'It's beyond comprehension as to why they would do this,' Towslee says. 'They've been here for eight years, they're not getting public assistance, they're not a burden on society. They want the best medical care available for their children and so do we. And they're going to get that here and not in Kenya.'
But getting the best medical care in and of itself is not a reason to allow the Khandwallas to stay, immigration authorities say.
Sharon Rummery, spokeswoman for U.S. Citizenship and Immigration Services, says the Khandwalla boys are not facing a matter of life and death.
'We're not seeing an urgent situation here,' Rummery says. 'They are children who go to school every day.'
That wink and nod of deferred action, Rummery says, comes with a definition.
'This is a humanitarian gesture that's entirely discretionary and very rarely used,' she says.
Tribune Photo: Christopher Onstott • Hanzallah Khandwalla (above) and his brother Aamir have the rare genetic disorder Desbuquois Syndrome shared by only a few dozen people in the world. Immigration authorities have decided to send the family home to Kenya, where they will not be able to receive specialized care.
'Here I have dreams'
The nuance of the case lies in letters written by doctors and Shriners staff on behalf of the Khandwalla boys. Immigration officials appear to be placing more emphasis on the section of the letter from Shriners that describes how the hospital will treat Aamir and Hanzalla if they remain in the country. The letter says Shriners will continue to see the boys every six months to monitor their health, and that there are no scheduled surgeries.
The family would prefer that immigration officials consider this section of a letter written by Shriners orthopedic surgeon Dennis Roy: 'Continued treatment at a specialized children's hospital is indicated. … Without this management their underlying condition could lead to adverse health outcomes as well as adverse functional outcomes.'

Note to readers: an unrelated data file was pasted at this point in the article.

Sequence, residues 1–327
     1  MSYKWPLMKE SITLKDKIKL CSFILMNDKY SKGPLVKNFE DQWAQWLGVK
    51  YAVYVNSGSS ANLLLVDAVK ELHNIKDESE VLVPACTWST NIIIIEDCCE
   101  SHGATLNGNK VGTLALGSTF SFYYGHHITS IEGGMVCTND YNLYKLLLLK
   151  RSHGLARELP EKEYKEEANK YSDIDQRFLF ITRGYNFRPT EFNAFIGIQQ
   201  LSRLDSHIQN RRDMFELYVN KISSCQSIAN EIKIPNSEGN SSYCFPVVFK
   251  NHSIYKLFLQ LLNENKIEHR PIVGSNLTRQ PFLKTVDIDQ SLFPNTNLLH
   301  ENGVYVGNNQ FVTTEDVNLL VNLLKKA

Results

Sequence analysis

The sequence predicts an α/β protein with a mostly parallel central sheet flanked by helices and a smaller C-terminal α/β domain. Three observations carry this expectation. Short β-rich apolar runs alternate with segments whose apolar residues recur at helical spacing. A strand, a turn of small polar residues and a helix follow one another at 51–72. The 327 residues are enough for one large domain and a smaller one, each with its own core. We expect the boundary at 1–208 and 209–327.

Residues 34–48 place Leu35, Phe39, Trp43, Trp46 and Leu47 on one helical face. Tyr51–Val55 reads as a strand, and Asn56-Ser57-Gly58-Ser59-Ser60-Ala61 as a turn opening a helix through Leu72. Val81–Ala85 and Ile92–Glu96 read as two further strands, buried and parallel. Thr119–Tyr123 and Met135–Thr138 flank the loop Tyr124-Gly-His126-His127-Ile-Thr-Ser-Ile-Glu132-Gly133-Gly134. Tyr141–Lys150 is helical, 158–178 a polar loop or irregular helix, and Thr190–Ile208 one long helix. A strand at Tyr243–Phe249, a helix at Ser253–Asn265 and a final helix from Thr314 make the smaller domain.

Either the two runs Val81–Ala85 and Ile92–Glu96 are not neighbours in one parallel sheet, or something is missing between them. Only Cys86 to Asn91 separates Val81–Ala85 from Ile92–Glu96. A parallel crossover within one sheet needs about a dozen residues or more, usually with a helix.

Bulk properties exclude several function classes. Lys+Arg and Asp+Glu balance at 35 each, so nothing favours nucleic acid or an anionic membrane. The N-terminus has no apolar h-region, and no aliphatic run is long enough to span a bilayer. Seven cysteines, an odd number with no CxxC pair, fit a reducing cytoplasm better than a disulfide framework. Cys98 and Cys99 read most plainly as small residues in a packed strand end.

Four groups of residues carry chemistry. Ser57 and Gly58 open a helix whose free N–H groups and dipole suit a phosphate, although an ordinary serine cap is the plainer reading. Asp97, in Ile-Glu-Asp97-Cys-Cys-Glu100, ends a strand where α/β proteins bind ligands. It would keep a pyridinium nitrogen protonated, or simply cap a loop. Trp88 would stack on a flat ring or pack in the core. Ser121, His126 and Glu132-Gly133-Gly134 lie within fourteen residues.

The letter from Kathie Ramos, Shriners outside services coordinator, can be read as supportive or not, depending on which part of the letter is emphasized, and what the reader is looking to defend.
One part reads: 'Only symptomatic treatment is available for Desbuquois Syndrome.' It explains that Shriners' physicians focus on managing symptoms and preventing further injury to the boys.
But later, in the same letter, Ramos writes: 'Not only would they need an experienced pediatric orthopedic surgeon, a pediatric physical therapist, pediatric ophthalmologist, pediatric cardiologist, a geneticist and an orthotist, but they would also need to be followed by a physician familiar with Desbuquois Syndrome.'
There are reportedly fewer than 50 known cases of Desbuquois Syndrome worldwide. The Khandwallas say they are certain they will not have access to any of those specialists in Kenya.
The Khandwallas say that come April 1 they expect to still be in Portland. They aren't leaving without a continued fight.
'In the middle of treatment how can we leave?' asks mother Faiza Khandwalla.
Since they moved here, the Khandwallas have added two other children to their family, and those two are legal U.S. citizens. Shriners has offered to treat Aamir and Hanzalla free of charge until they are 21. The local Muslim community has come forward with all sorts of support, including offers of food and house furnishings.
Nelson, an immigration attorney for 14 years, says she is willing to continue fighting the case without compensation indefinitely.
'I've never had a case where the family has done absolutely everything right. They came with visas and applied for extensions and tried to do everything possible to stay in good status, and then to have it denied, no, I've never had it happen to a family with this type of need,' she says.
Aamir, whose primary interest is computer programming, holds out hope that he will stay here. He says he remembers well enough the teasing and taunts he endured in Kenya, and the fact that he was unable to attend school there when he was young because there were no accommodations available for a child with special needs. Here, he says, he has never been treated cruelly.
'There is no life there,' Aamir says of Kenya. 'Here, I have dreams and hopes (of things) that I want to do after high school and college. There, I can't learn anything. My life is worthless over there.'